A Desire Named Streetcar, Part 281
Just in case you were wondering where those streetcars might go ...
Streetcars have been on the city council and Dallas Area Rapid Transit's radar since well before the May 23, 2008, book-club get-together at Dallas City Hall, during which city officials and downtown stakeholders got a talking-to from the authors of Street Smart: Streetcars and Cities in the 21st Century. But the questions remain: Where to put 'em, how to pay for 'em, how to govern 'em and, well, how to do even do 'em in the first place? This afternoon, the council's Transportation and Environment Committee will sneak-peek a road map to the answers.
Linda Koop has said in recent weeks she hopes to get streetcars going within a year, but first the city will have to move forward with the creation of something called the Dallas Streetcar, Inc. Local Government Corporation, which, according to the briefing, would be charged with providing "professional staff to administer streetcar program; funding for planning, design, vehicle acquisition and construction; [and] funds to support operations and maintenance." Among myriad other things.
That leaves DART with plenty to do (including operating and maintaining the things), and also demands the private sector kick in some dough as well ("such as advertising and sponsorships"). But where will the big money come from? Well ... Transportation Infrastructure Finance and State Infrastructure Bank loans via the U.S. Department of Transportation, most likely, plus regional funds and a bond sale. But we'll know more within two months, per the final page of the briefing. Turns out, one thing they're waiting on is for a "consultant to provide the Dallas Streetcar Business Plan to Streetcar Steering Committee for review." More to come after the briefing from Dr. James Lyle Lanley Schutze.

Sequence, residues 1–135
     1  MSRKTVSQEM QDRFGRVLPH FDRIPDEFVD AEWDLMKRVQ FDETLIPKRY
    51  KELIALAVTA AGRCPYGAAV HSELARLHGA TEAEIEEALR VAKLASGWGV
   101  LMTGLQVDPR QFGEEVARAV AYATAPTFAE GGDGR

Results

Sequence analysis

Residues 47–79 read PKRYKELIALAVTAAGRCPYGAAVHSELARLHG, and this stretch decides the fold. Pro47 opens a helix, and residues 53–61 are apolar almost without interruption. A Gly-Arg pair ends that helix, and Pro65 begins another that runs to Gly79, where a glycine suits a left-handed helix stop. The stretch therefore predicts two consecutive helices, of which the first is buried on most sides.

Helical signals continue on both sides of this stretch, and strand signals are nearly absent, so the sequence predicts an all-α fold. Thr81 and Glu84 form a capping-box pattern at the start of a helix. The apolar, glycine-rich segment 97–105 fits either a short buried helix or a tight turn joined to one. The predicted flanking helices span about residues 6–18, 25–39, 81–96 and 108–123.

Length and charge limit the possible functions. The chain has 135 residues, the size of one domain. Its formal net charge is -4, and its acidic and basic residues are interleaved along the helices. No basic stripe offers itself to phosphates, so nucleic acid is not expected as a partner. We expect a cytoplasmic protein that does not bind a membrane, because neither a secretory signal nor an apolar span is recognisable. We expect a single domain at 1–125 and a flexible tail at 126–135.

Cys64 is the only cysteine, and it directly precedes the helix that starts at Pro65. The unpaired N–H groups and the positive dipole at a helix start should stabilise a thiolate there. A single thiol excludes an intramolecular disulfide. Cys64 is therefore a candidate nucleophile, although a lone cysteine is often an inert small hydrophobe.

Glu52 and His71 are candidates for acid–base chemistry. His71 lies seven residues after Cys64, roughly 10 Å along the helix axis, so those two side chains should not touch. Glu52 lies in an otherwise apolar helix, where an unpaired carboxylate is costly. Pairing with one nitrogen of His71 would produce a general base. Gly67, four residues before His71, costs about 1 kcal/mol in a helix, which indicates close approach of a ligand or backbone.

Get the This Week's Top Stories Newsletter
Every week we collect the latest news, music and arts stories — along with film and food reviews and the best things to do this week — so that you’ll never miss Observer's biggest stories.